Fokker D.VII: Men are from Mars (IV).

Like all wars, the first war in the air greatly accelerates the technological developments -that’s the way we humans are. The flimsy artifacts powered by sputtering engines rapidly evolved into strong, powerful and feisty warmachines. The aircrew personal equipment also suffered drastic transformations. Gone were the devil-might-care era of the pioneers with their hat turned backwards to be supplanted by seriously professional gear.

By 1917 things looked like this. The oustanding Fokker D.VII with its advanced thick wing profile, clever no-nonsense construction methods and highly-compresed engine and a perfectly attired “rider”. Outside the gorgeously checkered D.VII fuselage we can observe an experimental installation of the Ahrendt & Heylandt liquid oxygen apparatus with its protected flask and rebreathing bag. The pilot uses a simple pipestern-type mouthpiece and a handy nose clip to prevent him from inhaling outside air. I simple adore the pilot huge stopwatch.

Photo: National Archives.

Hughes GAR-1: Pioneering & Dreaming.

“Idyllic” scenario for the Hughes GAR-1 (not named AIM-4 until 1962). These Hughes artifacts were USAF’s first operational air-to-air guided missile.

Superb artwork, specially those very imaginative “Red” jet bombers. Pure fantasy, in service the various Hughes “GAR’s” left a lot to be desired. It’s always hard to be the first.

Bristol 138A: Under Pressure.

The 138A was a large research monoplane specially conceived in the early 1930s to explore high altitude flight and, eventually, to capture the record. A very neat design well suited for the task, it had a low wing load of only 9.57 pounds per square foot its engine, a 460hp Bristol Pegasus, was fitted with a two-speed supercharger.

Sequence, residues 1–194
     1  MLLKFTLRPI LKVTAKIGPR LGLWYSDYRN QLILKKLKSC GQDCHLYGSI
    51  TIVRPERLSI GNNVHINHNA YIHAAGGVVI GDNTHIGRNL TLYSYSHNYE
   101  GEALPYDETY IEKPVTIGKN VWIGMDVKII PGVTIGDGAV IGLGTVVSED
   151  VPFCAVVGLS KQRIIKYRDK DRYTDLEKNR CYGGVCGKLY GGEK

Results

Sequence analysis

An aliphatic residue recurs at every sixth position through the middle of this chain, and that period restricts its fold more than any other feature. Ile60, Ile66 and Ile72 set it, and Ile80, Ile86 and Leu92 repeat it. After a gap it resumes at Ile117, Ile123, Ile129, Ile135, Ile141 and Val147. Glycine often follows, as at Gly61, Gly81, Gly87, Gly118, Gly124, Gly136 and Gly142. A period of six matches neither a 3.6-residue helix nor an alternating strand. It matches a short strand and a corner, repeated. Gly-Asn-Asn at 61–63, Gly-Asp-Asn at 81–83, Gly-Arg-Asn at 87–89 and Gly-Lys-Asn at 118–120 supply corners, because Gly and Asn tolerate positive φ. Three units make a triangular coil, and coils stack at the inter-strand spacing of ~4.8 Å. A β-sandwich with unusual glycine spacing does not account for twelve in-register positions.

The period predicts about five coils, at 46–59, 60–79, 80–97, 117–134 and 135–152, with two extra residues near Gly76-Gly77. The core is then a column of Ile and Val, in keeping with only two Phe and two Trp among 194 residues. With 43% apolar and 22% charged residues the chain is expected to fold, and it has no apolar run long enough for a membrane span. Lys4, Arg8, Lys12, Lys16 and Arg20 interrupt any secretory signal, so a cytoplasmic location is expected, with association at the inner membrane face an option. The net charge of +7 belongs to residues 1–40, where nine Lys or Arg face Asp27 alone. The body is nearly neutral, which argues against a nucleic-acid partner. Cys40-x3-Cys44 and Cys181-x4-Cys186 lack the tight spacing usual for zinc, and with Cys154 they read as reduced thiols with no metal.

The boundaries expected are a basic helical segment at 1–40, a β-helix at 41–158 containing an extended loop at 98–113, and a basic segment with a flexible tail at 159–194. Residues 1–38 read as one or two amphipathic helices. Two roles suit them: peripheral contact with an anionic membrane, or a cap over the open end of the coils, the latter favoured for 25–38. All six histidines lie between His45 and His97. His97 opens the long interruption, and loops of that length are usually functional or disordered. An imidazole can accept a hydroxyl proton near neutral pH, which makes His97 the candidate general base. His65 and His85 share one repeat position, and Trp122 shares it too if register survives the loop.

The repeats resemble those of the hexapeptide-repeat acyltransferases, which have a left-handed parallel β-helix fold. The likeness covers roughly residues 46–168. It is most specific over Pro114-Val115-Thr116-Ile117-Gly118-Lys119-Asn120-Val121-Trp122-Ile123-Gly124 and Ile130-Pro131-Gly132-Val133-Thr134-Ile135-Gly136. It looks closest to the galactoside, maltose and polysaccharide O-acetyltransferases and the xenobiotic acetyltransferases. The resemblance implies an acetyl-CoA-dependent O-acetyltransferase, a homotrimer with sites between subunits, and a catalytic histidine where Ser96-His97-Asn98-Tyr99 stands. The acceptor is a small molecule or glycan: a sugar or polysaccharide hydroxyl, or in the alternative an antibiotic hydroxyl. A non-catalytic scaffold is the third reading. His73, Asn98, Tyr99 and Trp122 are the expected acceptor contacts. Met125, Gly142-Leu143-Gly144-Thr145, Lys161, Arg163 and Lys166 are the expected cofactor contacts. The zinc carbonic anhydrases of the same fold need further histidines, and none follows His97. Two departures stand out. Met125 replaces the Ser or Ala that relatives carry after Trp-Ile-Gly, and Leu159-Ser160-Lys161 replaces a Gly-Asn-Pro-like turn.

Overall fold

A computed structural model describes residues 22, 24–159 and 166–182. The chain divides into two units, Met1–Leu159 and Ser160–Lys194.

Sqn Ldr F.R.D. Swain being helped out of the Bristol Type 138A (K4879) Farnborough, Sept 1936. To protect the pilot a a RAF designed pressure suit was employed. Swain captured the record with an altitude of 49.967 feet in 28 Sept 1936. A failure of this pressure suit during the descent seriously impaired Swain visibility and caused even more serious breathing problems. He was forced to cut the suit visor open with a knife in order to maintain consciousness. All ended well.

Reid & Sigrist R.S.3 Desford: Reliable & Suitable.

Originally the Desford was conceived by the well-known instrument manufacturer company Reid & Sigrist as a two-seat intermediate/advanced trainer. First flown in Jul. 1945, by the time this technically successful design took the air, sadly, the Royal Air Force had lost interest in the concept; well, war was almost over anyway. The prototype soon found a new career drastically modified as prone-pilot research aircraft. Under the very appropriate designation R.S.4 Bobsleigh it was employed by the RAE Farnborough. Not happy with that, this tiny survivor entered later the civilian register modified again; this time as a photographic aircraft.

No-nonsense publicity poster. They could be really proud of their offspring.

Rolls-Royce Engines: Subconscious Games?

Gorgeously elegant advertisement art employed by the peerless Rolls Royce company for its aviation engine products. Very alluring aircraft, the artist chose to employ an allegorical design; it could have been either a twin-engined Spitfire or, horror, an early Heinkel He 111 model with Dornier Do 17’s tail feathers.
Curiously, Rolls Royce bought in the middle 1930’s a He 111 forebear, Heinkel He 70, as a high-speed testbed for their Kestrel engines. It had been said the He 70’s elliptical wing was a primordial source of “inspiration” for the one of the Supermarine Spitfire….an opinion not shared by all.

Marshall Thompson: The sunny side of life.

Precious 1936 British Airways (BA) poster by Marshall Thompson.┬áThe author drew a very up-to-date monoplane (very “Lockheed 10 Electra”) instead of the DH.89 and DH.86 biplanes used at that time by the British Airways company for their┬áLondon to Paris route. He knew something though: in March 1937, BA purchased its first Electras…